• Without government subsidies, millions of small farmers were unable to compete with large-scale agribusiness and were driven off their lands.
  • Displaced farmers generally have four options: join the guerrillas or paramilitaries; move into the jungle to cultivate coca (the one crop that promises a profit); become poorly-paid laborers on large plantations or in urban factories, or migrate to the urban slums to join the “informal economy.”
  • The same economic policies that concentrate land ownership in the hands of a few drive people to join the armed conflict and the drug trade. The forced displacement of Colombians by the armed conflict also creates a labor force for the factories and plantations created by neo-liberal policies.

Obama’s Colombia Policy

  • Over the past decade, the US has lost much of its influence over countries surrounding Colombia, as progressive social movements gave rise to left-leaning governments in Venezuela, Ecuador, Bolivia and Brazil.
  • In response, the Obama Administration is shoring up relations with Colombia. In 2009, Colombia leased seven new military bases to the US, in a move that angered human rights activists in both countries.
  • The Pentagon said the bases are needed to “expand expeditionary warfare capability” and counter threats from “anti-U.S. governments,” presumably those in South America that are demanding sovereignty, autonomy and independence from US demands.
  • Enhancing US military capability in Colombia is linked to two other US policies in that country: Plan Colombia and the US-Colombia Free Trade Agreement.

Plan Colombia

  • First authorized under the Clinton Administration, Plan Colombia is a multi-billion dollar aid package whose stated aim is to wipe out the drug trade and cocoa production in southern Colombia.
  • The failure of the ‘war on drugs” has been amply documented. Yet, Plan Colombia persists because of its usefulness to funding counter-insurgency efforts (more than 75 percent of the funding goes to the Colombia military) and protecting US business interests in Colombia.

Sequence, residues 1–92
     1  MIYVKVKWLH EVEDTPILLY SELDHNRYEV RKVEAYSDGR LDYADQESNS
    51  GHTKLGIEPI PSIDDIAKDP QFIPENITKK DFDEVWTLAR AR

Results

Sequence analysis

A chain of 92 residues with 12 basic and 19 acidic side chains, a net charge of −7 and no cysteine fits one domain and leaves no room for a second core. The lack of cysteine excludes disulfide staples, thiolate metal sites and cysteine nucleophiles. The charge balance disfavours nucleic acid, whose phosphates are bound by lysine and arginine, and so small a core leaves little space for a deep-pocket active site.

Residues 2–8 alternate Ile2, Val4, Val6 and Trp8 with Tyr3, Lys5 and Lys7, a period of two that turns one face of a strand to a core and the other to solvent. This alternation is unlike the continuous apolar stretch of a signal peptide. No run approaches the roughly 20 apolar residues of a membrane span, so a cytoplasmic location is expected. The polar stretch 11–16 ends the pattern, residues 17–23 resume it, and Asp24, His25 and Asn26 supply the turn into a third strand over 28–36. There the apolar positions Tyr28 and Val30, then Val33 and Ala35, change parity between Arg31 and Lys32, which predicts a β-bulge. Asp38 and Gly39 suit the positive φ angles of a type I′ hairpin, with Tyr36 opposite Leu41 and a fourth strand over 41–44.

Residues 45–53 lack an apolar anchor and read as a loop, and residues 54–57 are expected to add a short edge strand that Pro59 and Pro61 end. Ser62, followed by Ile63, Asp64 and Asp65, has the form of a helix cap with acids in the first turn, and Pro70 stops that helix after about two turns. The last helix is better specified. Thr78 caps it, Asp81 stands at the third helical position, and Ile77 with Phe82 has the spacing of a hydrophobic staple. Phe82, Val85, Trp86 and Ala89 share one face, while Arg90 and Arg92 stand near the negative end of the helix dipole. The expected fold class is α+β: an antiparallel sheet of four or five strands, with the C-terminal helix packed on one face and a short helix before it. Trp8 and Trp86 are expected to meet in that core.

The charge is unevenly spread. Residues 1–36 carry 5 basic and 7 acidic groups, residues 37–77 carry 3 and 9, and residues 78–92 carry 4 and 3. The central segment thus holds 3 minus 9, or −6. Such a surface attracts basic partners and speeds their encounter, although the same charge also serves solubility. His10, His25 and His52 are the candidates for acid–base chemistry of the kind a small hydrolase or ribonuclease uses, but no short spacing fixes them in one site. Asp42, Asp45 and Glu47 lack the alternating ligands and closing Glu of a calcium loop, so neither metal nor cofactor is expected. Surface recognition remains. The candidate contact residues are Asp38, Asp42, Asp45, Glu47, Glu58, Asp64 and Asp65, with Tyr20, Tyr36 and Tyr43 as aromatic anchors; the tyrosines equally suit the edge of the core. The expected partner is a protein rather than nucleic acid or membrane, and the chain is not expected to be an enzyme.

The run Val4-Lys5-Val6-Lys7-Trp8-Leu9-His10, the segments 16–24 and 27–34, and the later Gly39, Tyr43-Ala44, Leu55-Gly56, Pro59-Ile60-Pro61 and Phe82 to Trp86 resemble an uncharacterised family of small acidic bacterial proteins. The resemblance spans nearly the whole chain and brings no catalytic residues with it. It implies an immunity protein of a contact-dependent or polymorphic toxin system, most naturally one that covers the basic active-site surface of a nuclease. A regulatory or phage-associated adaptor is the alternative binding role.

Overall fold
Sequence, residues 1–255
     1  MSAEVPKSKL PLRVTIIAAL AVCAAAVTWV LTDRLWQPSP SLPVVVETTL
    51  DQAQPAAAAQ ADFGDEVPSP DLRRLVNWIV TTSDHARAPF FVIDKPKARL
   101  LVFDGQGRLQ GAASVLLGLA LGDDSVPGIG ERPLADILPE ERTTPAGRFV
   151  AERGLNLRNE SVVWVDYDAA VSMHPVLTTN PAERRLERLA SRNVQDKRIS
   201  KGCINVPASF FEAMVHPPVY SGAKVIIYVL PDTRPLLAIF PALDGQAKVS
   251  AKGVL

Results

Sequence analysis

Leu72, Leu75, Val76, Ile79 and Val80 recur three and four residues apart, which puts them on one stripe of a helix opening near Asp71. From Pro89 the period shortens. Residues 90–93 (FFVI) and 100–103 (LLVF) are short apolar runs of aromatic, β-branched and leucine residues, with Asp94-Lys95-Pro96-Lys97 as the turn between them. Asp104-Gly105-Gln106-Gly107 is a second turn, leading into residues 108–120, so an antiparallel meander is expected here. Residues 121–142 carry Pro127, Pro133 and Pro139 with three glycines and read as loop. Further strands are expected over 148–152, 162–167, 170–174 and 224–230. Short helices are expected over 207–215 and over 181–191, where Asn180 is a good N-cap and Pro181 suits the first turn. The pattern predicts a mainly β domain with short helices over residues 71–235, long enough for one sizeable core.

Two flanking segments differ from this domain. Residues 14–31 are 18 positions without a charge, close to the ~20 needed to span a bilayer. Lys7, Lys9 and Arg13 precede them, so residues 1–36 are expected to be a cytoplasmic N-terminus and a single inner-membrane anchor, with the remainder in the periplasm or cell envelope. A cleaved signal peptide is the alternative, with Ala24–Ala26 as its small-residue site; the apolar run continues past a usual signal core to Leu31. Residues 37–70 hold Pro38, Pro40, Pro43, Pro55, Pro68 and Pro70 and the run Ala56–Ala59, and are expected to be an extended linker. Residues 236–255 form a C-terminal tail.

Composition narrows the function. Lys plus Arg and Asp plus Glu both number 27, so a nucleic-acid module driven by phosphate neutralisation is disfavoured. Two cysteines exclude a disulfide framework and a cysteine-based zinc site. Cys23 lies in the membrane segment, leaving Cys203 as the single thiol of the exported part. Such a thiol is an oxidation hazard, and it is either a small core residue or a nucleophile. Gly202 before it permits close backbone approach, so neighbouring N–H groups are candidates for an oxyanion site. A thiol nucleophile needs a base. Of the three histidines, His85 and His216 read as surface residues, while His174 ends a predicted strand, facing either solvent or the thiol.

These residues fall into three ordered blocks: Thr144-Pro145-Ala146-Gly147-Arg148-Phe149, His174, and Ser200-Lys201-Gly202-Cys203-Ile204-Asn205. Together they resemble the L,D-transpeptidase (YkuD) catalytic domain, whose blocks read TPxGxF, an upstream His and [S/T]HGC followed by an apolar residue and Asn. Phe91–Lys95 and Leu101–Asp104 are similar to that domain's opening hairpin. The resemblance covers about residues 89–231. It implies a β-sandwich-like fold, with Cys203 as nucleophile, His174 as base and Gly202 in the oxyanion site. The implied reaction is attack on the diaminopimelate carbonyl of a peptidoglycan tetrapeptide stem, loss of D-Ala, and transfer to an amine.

• For example, in 2003, US military aid to Colombia included $98 million to train Colombian soldiers to guard the 480-mile Cano Limon pipeline, which belongs to US-based Occidental Petroleum. The FARC, which opposes foreign exploitation of oil, has repeatedly attacked the pipeline.
  • Oil is Colombia's most lucrative export, bringing in roughly $10 billion in 2009. Indigenous Peoples who have opposed oil exploration on their lands have been killed by paramilitaries said to be in the service of oil companies. Tens of thousands of Indigenous Colombians have been displaced from their ancestral lands, which are now controlled by oil companies including Occidental and BP.

The US-Colombia Free Trade Agreement

  • The US-Colombia Free Trade Agreement (FTA) was first signed in 2006 and ratified by the Colombian Congress in 2007.  However, the US Congress has not ratified it, responding to pressure from human rights advocates who point to continuing violence against labor and trade unionists, among other human rights violations. 
  • Since 1991, more than 2,200 trade unionists have been killed, mostly by paramilitaries.  Meanwhile, the FTA does not require Colombia to meet international labor standards; it merely calls on the government to adhere to its own weak labor laws.
  • The passage of the FTA would worsen rural poverty and hunger.  The deal prevents Colombia from subsidizing its own farmers, while large-scale US agribusiness continues to enjoy billions in subsidies.  Many of Colombia’s small-holder farmers are women and Indigenous Peoples, who would be unable to compete with subsidized imports and deprived of their livelihoods.

For more information, read the MADRE factsheet “The US-Colombia Unfair Trade Agreement.”

How Can We Support Peace and Justice in Colombia?

  • MADRE works in partnership with the organization Taller de Vida to offer support to women and youth who have been displaced from their homes by the conflict or conscripted into armed groups.
  • MADRE demands a more just US policy towards Colombia. We believe that instead of fueling Colombia’s war, the United States should act as part of the international community to support a negotiated settlement to the conflict, one that addresses the poverty and inequality at the root of Colombia’s crisis.